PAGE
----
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Californian waste-to-energy firm partners with New York dairy farms

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San Francisco-based waste-to-energy company Brightmark Energy has partnered with four dairy farms in upstate New York convert dairy waste into biogas using anaerobic digestion.

The company announced it will convert a total of 225,000 gallons of dairy waste per day from 11,000 cows into biogas and other useful by-products. Once the planned installation of gas upgrading equipment is completed at the four farms – Swiss Valley, Zuber, Boxler and Lake Shore – the project is expected to generate around 260,000 MMBtu of renewable natural gas (RNG) annually. A fifth farm is also expected to join the project in October.

“This is our biggest anaerobic digestion project to date, and we’re just getting started,” said Brightmark Energy CEO Bob Powell. “We’re proud to partner with farmers who are on the leading edge of sustainability so they can improve their bottom lines while being good stewards of their local environment.”

This partnership with upstate New York farms is the third biogas project announced by the firm in 2019, alongside project acquisitions in Washington State and Wisconsin. Once all projects are fully operational at the end of the year, Brightmark’s biogas projects will generate enough RNG to drive a car around the earth’s equator 3,307 times a year, according to the firm.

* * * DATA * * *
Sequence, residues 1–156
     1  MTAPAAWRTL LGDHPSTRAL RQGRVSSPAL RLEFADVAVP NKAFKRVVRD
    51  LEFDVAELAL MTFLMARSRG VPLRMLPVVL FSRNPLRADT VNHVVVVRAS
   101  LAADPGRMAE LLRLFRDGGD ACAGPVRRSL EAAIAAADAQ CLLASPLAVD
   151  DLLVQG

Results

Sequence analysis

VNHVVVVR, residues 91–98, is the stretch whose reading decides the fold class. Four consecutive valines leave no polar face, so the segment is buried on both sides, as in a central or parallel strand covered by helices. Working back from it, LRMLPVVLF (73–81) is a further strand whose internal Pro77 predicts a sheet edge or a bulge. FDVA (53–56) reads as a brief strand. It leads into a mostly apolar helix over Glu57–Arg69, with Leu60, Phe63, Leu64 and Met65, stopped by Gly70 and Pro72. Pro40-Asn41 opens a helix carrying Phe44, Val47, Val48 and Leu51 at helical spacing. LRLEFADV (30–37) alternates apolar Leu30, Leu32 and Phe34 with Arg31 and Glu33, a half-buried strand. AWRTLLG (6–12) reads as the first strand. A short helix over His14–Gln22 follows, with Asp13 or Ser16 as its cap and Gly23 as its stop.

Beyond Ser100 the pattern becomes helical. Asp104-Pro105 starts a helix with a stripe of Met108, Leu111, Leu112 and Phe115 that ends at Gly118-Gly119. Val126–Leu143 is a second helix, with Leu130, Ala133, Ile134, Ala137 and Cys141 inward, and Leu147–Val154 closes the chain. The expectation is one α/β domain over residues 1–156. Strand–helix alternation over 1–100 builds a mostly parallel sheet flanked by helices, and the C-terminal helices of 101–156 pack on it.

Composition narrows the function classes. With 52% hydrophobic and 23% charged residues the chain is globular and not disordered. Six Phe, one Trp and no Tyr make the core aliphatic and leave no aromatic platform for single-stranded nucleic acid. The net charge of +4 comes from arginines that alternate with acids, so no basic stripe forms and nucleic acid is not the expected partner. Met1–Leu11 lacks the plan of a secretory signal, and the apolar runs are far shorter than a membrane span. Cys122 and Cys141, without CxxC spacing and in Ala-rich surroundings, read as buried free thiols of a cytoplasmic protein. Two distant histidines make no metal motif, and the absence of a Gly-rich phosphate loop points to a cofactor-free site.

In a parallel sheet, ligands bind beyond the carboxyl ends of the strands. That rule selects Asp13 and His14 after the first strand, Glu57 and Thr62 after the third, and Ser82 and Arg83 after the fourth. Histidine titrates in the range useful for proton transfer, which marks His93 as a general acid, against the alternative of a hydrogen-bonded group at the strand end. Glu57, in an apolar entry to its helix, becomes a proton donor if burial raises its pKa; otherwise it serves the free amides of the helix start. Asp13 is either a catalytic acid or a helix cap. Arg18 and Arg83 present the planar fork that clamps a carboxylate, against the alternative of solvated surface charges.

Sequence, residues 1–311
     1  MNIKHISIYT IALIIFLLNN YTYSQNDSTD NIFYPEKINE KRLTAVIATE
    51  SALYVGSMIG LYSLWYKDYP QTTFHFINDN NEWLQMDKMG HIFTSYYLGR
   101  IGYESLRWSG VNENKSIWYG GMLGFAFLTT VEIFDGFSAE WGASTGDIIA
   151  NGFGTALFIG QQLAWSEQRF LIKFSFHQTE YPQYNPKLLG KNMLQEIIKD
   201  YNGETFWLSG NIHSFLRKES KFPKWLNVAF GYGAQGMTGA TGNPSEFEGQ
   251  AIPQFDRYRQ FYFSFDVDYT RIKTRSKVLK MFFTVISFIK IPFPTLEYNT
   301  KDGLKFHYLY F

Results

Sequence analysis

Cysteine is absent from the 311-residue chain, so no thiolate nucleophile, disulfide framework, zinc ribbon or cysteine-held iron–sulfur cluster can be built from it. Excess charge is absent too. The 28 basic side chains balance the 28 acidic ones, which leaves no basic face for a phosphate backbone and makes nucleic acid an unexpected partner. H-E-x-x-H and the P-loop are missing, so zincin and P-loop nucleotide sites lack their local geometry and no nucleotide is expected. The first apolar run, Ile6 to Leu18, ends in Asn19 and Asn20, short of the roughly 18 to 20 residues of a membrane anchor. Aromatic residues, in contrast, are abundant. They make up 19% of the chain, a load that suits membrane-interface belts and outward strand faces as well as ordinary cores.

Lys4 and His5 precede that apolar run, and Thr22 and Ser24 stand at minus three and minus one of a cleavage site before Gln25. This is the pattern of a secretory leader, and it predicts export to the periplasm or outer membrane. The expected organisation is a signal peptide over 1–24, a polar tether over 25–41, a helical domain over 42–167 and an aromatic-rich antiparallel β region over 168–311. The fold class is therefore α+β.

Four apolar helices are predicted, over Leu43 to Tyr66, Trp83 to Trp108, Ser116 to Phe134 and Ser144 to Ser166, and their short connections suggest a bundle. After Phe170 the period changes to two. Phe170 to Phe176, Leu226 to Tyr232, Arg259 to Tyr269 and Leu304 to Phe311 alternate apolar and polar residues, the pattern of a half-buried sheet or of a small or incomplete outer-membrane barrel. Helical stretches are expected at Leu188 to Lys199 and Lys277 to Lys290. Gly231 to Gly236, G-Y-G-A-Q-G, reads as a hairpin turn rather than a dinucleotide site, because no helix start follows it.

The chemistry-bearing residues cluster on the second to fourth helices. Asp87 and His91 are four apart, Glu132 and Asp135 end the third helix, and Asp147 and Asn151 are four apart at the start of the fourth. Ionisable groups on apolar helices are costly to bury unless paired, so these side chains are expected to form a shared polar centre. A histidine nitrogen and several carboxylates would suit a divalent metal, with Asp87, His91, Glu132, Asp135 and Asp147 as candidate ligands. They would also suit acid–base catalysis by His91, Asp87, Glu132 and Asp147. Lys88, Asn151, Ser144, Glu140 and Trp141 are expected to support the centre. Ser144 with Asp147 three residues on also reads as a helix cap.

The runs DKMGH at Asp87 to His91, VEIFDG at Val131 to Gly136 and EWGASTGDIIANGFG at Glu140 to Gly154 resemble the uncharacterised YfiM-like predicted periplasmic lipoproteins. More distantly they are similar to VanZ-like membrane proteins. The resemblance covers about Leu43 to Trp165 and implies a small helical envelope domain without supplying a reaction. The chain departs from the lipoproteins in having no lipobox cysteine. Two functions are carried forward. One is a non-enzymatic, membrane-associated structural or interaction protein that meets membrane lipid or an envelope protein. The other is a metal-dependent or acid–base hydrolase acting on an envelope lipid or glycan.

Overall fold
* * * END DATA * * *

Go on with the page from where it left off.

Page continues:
Before Brightmark’s involvement, the anaerobic digesters at each of the farms produced electricity that was used onsite and transferred to the local electric grid. However, as the digesters aged, they became costly to operate and maintain. Once the systems have been refurbished, the farmers can expect to see greater returns on their digesters and minimise their environmental impact.

Anaerobic digestion of dairy cow manure has been proven to drastically reduce local pollution and greenhouse gas emissions. As well as recovering most of the nitrogen and phosphorous from manure so that it cannot escape into the air, AD also prevents methane from being released into the atmosphere.